For Medical Daily health reporter Samantha Olson, the idea of doing an in-depth story on precision medicine was planted in May when she was one of 20 national health reporters invited to Rochester, Minn., to immerse themselves in precision medicine. The National Press Foundation hosted a four-day program at Mayo Clinic so the journalists could better grasp the complexities and issues of precision medicine.
The program was timely. With President Barack Obama launching his Precision Medicine Initiative, the National Press Foundation believed it was imperative that journalists become more knowledgeable about precision medicine — also called individualized or personalized medicine. For four days Olson and her journalism colleagues attended seminars put on by some of the foremost experts in the country on precision medicine.
National Institutes of Health leaders, Gary H Gibbons, M.D., Director of the National Heart, Lung and Blood Institute and Roderic I. Pettigrew, Ph.D., M.D., Director of the National Institute of Biomedical Imaging and Bioengineering made presentations. The agenda also included experts from the Mayo Clinic Center for Individualized Medicine, University of Minnesota and Stanford University. Topics for the seminar included the Human Genome Project, pharmacogenomics, biomarkers and imaging, bioethics, epigenetics and big data in genomic research.
Like a southeast Minnesota cornfield, it took a few months for the seeds of Olson’s idea for a series on precision medicine to germinate and grow. Now, we can all enjoy the harvest. This week Medical Daily published the first in a five-part series on Your DNA, Decoded. The first installment, “The Next Step in Human Genomics: Precision Medicine,” was written by Olson, who tweets under the handle, @snowrite124. She explores the background of precision medicine. As she notes, individualized medicine is as old as Hippocrates, who said six thousand years ago, “It’s far more important to know what person the disease has than what disease the person has.”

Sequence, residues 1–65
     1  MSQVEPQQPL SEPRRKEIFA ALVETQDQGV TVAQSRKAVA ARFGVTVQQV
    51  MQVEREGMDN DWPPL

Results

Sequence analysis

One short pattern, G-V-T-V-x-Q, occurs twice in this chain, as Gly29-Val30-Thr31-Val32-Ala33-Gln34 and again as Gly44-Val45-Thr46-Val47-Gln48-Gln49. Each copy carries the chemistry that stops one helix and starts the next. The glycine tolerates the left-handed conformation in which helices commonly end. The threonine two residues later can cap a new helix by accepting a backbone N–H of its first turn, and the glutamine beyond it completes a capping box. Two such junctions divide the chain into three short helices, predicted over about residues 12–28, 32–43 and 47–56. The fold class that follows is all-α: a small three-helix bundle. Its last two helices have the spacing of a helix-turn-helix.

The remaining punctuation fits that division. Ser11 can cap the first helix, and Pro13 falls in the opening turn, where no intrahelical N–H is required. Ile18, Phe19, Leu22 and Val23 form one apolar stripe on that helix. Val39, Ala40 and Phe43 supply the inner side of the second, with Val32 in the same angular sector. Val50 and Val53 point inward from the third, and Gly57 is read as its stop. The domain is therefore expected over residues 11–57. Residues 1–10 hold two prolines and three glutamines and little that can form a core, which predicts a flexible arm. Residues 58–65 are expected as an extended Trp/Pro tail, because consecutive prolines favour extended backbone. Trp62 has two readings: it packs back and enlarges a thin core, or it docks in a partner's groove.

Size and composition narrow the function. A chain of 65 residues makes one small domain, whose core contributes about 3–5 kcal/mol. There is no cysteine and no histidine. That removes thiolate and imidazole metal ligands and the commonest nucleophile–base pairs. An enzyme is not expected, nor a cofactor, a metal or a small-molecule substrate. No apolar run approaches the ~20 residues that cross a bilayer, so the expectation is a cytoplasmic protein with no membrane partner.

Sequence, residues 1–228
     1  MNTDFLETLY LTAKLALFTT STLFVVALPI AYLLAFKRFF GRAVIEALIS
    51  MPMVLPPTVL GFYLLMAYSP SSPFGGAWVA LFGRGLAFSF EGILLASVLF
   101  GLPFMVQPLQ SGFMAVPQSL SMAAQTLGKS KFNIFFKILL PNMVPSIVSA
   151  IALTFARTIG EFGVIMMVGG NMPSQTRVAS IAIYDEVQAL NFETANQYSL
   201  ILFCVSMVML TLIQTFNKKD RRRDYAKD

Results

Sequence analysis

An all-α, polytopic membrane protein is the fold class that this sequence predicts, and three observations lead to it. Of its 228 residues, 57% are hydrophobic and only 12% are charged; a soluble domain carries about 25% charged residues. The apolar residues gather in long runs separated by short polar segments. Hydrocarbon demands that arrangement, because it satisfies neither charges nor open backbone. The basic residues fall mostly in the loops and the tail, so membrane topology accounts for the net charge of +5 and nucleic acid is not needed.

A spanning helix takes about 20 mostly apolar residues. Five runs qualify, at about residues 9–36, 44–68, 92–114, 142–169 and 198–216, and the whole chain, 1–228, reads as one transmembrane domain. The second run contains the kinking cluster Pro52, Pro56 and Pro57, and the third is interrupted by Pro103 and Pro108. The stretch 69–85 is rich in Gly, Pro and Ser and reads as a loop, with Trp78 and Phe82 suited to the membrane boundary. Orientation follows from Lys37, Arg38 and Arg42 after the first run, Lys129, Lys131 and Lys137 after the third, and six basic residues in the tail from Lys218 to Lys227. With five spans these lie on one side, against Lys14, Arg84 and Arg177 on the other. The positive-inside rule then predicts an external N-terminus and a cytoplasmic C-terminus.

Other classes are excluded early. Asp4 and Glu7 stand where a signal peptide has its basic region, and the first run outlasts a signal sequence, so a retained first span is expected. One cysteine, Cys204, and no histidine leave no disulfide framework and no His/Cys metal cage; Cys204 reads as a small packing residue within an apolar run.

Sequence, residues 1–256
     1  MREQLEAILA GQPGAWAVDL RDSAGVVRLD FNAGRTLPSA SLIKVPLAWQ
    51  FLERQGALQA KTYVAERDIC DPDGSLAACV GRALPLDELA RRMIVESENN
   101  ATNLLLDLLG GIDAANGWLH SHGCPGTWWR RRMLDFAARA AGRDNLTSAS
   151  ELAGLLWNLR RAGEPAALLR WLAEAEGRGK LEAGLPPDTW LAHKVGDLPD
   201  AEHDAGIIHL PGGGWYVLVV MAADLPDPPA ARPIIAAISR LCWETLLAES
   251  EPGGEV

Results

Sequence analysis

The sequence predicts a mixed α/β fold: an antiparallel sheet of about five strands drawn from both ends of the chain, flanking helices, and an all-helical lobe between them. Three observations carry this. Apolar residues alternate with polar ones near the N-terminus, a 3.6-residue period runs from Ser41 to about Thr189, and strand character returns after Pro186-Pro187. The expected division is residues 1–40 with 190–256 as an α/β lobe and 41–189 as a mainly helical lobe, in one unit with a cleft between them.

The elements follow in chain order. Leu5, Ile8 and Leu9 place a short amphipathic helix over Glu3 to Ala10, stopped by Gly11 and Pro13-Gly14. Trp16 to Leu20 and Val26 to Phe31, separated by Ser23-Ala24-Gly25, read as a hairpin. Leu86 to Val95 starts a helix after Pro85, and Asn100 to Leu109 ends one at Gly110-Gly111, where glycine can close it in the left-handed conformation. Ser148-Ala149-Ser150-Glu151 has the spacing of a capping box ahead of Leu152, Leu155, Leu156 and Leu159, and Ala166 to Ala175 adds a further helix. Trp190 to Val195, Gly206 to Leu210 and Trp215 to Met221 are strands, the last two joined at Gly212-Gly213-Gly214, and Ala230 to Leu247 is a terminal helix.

But until we decoded the human genome, truly individualized medicine had been more a dream than reality. No longer. Alexander Parker, Ph.D., the Cecilia and Dan Carmichael Family associate director for the Center for Individualized Medicine in Florida, told Olson, “What we needed, what we always wanted, was the equivalent of a GPS, where all roads and everything was known and we could look at the entirety of it all at once and find answers instead of trying to guess where to look. The reason why we’re here is we got our GPS when we cracked the code and sequenced the first human genome. The wait is over. Medicine is changing and transforming. We have moved from promise to practice.”
Here is Olson’s full story, “The Next Step in Human Genomics: Precision Medicine.”
The next installment, scheduled to be published Friday, September 18, is “For Cancer Patients, the Possibility of DNA-tailored Care.”
The final three installments on the precision medicine series are scheduled for September 21, 23 and 25.
Be sure to log on to Medical Daily next week and follow this important and timely series on precision medicine.
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